Predictors of recidivism in a sample of high-risk, jailed women
Female inmates are a significant and growing population, and are arrested and re-arrested at alarmingly high rates. The purpose of this study was to identify predictors of jail recidivism in a sample of 245 hazardously drinking incarcerated women. Negative binomial regression was used to test a comprehensive set of predictors, controlling for important covariates. In the six month study period, 43.67% of participants had been re-arrested at least once. Re-arrest was positively predicted by having a sex related charge (z=2.02, p=.044). Total at risk days was negatively predictive (z =-2.10, p=.035). Drug use severity was moderately positively predictive (z=1.88, p=.060). While no other predictor variables were significant, social support was found to moderate self-control (z=2.27, p=.023), where higher levels of social support interacted significantly with lower levels of self-control to predict recidivism. Findings from this study highlight the extremely high rates of re-arrest in a sample of high-risk jailed women. Targeting commercial sex workers and those using drugs with adequate and effective case management following release could be an important step in reducing recidivism in this population.^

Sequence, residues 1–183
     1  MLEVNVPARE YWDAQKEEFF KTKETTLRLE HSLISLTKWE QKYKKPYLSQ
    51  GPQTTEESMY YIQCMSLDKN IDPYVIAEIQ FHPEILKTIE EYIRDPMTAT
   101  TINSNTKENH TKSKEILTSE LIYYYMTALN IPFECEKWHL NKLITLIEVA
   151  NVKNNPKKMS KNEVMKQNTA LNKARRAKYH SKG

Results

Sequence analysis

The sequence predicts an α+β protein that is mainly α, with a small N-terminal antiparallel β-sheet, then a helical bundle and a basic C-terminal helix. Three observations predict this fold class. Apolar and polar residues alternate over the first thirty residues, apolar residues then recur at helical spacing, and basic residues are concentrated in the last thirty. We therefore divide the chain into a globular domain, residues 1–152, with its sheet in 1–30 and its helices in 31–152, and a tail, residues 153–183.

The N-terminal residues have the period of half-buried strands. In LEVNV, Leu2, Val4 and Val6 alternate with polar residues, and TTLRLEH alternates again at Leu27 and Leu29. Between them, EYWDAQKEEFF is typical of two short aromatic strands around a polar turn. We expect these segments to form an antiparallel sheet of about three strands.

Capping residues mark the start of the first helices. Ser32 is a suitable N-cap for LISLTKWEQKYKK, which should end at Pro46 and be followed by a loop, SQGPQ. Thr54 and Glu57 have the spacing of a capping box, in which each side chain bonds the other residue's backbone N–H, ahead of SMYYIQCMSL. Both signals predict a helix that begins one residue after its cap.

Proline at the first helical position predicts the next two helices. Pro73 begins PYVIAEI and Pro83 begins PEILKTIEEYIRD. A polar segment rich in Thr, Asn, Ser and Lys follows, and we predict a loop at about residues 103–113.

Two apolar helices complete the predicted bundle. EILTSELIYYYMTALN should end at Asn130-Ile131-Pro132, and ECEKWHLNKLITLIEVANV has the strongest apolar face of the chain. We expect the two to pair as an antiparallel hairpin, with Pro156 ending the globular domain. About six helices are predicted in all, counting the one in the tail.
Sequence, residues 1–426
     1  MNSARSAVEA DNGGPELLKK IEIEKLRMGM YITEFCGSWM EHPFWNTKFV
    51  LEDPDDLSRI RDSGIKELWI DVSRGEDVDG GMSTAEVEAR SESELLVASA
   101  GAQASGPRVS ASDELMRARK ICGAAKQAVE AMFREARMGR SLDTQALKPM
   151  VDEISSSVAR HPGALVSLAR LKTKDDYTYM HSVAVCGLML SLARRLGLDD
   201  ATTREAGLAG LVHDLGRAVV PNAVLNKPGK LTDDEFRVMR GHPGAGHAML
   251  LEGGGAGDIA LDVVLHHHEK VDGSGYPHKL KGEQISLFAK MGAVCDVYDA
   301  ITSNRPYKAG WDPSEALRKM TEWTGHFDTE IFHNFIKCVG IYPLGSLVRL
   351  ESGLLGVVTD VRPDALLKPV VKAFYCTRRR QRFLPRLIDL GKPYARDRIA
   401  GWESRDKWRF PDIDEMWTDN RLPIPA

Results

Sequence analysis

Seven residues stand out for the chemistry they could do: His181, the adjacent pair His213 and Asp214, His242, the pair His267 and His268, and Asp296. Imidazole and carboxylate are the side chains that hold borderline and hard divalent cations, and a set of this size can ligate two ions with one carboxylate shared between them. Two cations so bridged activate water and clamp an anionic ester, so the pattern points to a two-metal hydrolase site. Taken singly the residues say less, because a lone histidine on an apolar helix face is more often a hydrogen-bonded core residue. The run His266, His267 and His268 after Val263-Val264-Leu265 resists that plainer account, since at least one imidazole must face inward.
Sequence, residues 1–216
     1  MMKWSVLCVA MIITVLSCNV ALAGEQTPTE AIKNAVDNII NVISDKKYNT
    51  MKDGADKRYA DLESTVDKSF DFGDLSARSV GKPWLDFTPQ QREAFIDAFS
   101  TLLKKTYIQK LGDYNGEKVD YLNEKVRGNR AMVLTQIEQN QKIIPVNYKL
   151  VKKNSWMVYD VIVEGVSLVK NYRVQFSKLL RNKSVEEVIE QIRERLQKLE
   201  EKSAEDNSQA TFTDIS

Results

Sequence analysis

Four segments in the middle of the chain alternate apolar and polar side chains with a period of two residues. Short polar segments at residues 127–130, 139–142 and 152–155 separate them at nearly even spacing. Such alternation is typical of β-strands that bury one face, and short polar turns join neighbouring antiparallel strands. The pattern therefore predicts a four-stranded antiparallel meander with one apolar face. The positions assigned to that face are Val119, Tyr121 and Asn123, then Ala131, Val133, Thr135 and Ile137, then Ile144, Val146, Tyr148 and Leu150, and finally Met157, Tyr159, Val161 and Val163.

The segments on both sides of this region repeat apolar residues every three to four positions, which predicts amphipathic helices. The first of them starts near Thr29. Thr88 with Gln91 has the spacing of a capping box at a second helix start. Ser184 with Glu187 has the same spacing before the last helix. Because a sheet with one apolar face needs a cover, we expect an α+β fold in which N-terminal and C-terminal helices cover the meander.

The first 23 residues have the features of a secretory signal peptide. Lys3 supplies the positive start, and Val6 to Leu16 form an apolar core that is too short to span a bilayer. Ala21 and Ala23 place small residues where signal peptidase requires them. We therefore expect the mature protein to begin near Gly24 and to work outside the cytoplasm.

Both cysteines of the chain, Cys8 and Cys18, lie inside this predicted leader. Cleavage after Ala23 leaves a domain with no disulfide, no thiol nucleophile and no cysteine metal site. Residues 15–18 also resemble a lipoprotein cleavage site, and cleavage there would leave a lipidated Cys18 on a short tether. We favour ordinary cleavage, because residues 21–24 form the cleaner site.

Psychology, Behavioral|Women's Studies|Sociology, Criminology and Penology
Celeste M Caviness,
"Predictors of recidivism in a sample of high-risk, jailed women"
Dissertations and Master's Theses (Campus Access).